Sabtu, 30 Juli 2011

Voice over LTE - VoLTE

The Voice over LTE scheme was devised as a result of operators seeking a standardised system for transferring voice traffic over LTE. Originally LTE was seen as a completely IP cellular system just for carrying data, and operators would be able to carry voice either by reverting to 2G / 3G systems or by using VoIP.

Operators, however saw the fact that a voice format was not defined as a major omission for the system. It was seen that the lack of standardisation may provide problems with scenarios including roaming. In addition to this, SMS is a key requirement. It is not often realised, that SMS is used to set-up many mobile broadband connections, and a lack of SMS is seen as a show-stopper by many.

As mobile operators receive over 80% of their revenues from voice and SMS traffic, it is necessary to have a viable and standardized scheme to provide these services and protect this revenue.

Options for Voice over LTE

When looking at the options for ways of carrying voice over LTE, a number of possible solutions were investigated. A number of alliances were set up to promote different ways of providing the service. A number of systems were prosed as outlined below:

  • VoLGA, Voice over LTE via GAN
  • CSFB, Circuit Switched Fall Back
  • One Voice / later called Voice over LTE, VoLTE

Issues for Voice services over LTE

Unlike previous cellular telecommunications standards including GSM, LTE does not have dedicated channels for circuit switched telephony. Instead LTE is an all-IP system providing an end-to-end IP connection from the mobile equipment to the core network and out again.

In order to provide some form of voice connection over a standard LTE bearer, some form of Voice over IP, VoIP must be used.

The aim for any voice service is to utilise the low latency and QoS features available within LTE to ensure that any voice service offers an improvement over the standards available on the 2G and 3G networks.


The VoLGA standard was based on the existing 3GPP Generic Access Network (GAN) standard, and the aim was to enable LTE users to receive a consistent set of voice, SMS (and other circuit-switched) services as they transition between GSM, UMTS and LTE access networks.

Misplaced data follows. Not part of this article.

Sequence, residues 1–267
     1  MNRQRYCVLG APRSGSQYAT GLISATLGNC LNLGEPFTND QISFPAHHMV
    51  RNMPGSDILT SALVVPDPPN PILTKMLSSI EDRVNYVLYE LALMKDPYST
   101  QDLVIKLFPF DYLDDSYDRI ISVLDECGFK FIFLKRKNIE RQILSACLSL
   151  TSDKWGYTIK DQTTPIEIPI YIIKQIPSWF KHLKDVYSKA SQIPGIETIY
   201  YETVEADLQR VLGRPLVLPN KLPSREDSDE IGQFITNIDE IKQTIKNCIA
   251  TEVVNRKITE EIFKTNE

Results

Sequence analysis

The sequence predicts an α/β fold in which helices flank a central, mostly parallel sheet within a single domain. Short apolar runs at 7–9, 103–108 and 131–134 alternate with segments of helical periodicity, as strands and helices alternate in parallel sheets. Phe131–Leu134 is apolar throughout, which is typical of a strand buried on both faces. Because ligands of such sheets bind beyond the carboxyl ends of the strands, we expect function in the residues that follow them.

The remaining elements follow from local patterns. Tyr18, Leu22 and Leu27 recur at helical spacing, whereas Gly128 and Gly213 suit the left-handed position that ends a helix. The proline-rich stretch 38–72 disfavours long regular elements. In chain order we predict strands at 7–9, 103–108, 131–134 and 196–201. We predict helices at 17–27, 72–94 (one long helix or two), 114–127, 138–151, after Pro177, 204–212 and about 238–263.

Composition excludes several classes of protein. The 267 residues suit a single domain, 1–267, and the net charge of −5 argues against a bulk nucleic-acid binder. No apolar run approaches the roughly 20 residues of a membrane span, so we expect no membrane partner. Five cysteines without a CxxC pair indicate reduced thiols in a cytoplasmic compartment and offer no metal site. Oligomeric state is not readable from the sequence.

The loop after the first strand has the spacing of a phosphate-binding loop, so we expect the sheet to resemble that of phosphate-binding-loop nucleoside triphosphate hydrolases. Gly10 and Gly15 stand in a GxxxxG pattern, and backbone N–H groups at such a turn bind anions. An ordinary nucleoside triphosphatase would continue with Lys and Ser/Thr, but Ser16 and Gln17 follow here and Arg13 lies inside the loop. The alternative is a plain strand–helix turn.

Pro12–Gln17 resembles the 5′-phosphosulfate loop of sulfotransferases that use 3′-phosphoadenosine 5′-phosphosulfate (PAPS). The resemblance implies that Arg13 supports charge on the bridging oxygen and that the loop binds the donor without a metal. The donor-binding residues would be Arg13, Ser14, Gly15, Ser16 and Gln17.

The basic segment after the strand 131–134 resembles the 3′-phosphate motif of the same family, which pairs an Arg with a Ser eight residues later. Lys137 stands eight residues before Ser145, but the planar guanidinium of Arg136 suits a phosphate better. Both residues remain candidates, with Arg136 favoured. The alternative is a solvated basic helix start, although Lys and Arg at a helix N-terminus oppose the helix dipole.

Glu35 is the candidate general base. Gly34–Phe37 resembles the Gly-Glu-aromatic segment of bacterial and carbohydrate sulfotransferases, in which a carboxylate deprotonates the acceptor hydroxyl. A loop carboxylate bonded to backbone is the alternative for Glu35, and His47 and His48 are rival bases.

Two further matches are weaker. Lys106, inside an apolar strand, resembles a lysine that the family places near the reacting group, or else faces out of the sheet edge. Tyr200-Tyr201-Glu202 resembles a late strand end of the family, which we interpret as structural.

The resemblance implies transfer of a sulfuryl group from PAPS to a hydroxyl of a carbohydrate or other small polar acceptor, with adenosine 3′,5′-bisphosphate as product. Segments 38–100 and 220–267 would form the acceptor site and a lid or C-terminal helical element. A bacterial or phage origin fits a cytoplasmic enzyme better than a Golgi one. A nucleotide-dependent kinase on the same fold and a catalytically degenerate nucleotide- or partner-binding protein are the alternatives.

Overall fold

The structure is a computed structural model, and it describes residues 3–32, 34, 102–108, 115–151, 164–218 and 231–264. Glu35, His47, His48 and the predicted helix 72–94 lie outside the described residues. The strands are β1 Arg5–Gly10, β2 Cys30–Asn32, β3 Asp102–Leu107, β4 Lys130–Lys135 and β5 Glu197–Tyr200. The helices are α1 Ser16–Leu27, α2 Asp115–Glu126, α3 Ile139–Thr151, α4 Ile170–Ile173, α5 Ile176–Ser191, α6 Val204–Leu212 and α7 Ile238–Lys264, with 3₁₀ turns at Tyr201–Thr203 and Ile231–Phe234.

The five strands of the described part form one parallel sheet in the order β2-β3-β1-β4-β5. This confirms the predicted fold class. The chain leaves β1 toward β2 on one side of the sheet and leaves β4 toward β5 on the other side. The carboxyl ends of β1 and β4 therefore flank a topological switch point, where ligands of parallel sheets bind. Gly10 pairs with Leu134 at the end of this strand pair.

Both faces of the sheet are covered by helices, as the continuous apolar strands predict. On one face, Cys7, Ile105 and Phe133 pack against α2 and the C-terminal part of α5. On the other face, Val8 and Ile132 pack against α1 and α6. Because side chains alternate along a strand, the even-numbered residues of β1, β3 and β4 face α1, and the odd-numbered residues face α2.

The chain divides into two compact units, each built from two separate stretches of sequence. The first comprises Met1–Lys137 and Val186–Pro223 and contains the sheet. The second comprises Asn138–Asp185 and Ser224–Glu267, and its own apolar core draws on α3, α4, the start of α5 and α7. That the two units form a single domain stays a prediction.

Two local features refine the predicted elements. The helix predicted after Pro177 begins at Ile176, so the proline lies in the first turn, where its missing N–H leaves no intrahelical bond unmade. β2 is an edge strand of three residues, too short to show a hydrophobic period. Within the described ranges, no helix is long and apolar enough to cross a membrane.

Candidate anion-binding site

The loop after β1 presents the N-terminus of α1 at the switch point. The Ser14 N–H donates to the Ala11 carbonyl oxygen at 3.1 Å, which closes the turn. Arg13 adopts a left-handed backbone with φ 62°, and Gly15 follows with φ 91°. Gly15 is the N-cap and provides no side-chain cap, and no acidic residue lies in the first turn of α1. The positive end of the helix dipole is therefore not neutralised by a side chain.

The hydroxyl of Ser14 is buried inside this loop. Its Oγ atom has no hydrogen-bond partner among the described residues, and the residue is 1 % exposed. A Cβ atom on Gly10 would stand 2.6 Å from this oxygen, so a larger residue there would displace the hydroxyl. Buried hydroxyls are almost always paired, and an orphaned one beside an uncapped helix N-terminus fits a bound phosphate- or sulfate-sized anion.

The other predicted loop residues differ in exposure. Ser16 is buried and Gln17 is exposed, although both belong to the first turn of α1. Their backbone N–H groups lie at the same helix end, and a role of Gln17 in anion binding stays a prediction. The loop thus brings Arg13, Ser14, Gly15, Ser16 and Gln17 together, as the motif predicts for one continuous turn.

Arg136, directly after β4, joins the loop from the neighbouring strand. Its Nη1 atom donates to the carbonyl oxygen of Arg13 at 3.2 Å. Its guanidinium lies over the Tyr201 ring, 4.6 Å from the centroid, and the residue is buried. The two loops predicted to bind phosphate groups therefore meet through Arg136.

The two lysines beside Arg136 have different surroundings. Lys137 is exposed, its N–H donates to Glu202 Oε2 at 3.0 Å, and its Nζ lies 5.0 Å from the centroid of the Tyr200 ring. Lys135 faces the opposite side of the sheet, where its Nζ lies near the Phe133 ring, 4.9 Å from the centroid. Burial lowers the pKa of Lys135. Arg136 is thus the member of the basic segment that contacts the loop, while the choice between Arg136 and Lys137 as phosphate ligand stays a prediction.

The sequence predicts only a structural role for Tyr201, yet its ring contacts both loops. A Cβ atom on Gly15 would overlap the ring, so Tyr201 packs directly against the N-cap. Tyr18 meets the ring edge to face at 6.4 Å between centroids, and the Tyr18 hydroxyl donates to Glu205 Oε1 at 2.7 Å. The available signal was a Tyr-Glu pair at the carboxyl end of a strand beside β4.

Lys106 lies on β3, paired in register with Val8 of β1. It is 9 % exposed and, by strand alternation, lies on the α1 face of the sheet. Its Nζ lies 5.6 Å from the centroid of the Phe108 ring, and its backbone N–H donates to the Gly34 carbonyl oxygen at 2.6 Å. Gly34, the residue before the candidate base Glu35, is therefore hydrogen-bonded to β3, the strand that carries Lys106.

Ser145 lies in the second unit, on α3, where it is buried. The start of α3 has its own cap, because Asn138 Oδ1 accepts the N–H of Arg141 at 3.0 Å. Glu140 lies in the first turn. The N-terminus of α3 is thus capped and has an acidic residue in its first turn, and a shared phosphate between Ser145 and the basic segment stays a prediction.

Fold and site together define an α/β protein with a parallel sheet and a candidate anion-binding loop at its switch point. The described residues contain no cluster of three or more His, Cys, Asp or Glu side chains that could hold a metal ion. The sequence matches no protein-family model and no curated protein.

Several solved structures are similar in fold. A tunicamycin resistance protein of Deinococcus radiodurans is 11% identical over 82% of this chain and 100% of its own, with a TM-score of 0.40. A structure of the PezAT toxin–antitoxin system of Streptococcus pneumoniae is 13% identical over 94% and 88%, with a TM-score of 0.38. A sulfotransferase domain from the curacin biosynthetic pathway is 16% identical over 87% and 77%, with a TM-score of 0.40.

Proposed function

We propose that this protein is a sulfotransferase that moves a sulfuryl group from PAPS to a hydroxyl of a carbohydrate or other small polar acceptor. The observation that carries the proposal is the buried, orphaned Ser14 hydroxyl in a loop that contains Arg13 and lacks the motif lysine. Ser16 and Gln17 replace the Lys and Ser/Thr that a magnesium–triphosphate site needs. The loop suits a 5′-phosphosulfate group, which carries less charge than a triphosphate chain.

For mobile operators, the aim of VoLGA was to provide a low-cost and low-risk approach for bringing their primary revenue generating services (voice and SMS) onto the new LTE network deployments.

CSFB, Circuit Switched Fall Back

The circuit switched fall-back, CSFB option for providing voice over LTE has been standardised under 3GPP specification 23.272. Essentially LTE CSFB uses a variety of processes and network elements to enable the circuit to fall back to the 2G or 3G connection before a circuit switched call is initiated.

The specification also allows for SMS to be carried as this is essential for very many set-up procedures for cellular telecommunications. To achieve this the handset uses an interface known as SGs which allows messages to be sent over an LTE channel. The

In addition to this CSFB requires modification to elements within the network, in particular the MSCs as well as support, obviously on new devices. MSC modifications are also required for the SMS over SGs facilities. For CSFB, this is required from the initial launch of CSFB in view of the criticality of SMS for many procedures.

Voice over LTE, VoLTE basics

The One Voice profile for Voice over LTE, VoLTE was developed by a collaboration between over forty operators including: AT&T, Verizon Wireless, Nokia and Alcatel-Lucent.

At the 2010 GSMA Mobile World Congress, GSMA announced that they were supporting the One Voice solution to provide Voice over LTE.

VoLTE, Voice over LTE is an IMS-based specification. Adopting this approach will enable it to integrate into the suite of applications that will become available on LTE.

To provide the VoLTE service, three interfaces are being defined:

  • User Network interface, UNI: This interface is located between the user's equipment and the operators network.
  • Roaming Network Network Interface, R-NNI: The R-NNI is an interface located between the Home and Visited Network. This is used for a user that is not attached to their Home network, i.e. roaming.
  • Interconnect Network Network Interface, I-NNI: The I-NNI is the interface located between the networks of the two parties making a call.

Work on the definition of VoLTE, Voice over LTE is ongoing. It will include a variety of elements including some of the following:

  • It will be necessary to ensure the continuity of Voice calls when a user moves from an LTE coverage area to another where a fallback to another technology is required. This form of handover will be achieved using Single Radio Voice Call Continuity, or SR-VCC).
  • It will be important to provide the optimal routing of bearers for voice calls when customers are roaming.
  • Another area of importance will be to establish commercial frameworks for roaming and interconnect for services implemented using VoLTE definitions. This will enable roaming agreements to be set up.
  • Provision of capabilities associated with the model of roaming hubbing.
  • For any services, including LTE, it is necessary to undertake a thorough security and fraud threat audit to prevent hacking and un-authorised entry into any area within the network..

In many ways the implementation of VoLTE at a high level is straightforward. The handset or phone needs to have software loaded to provide the VoLTE functionality. This can be in the form of an App.

The network then requires to be IMS compatible.

While this may appear straightforward, there are many issues for this to be made operational, especially via the vagaries of the radio access network where time delays and propagation anomalies add considerably to the complexity.

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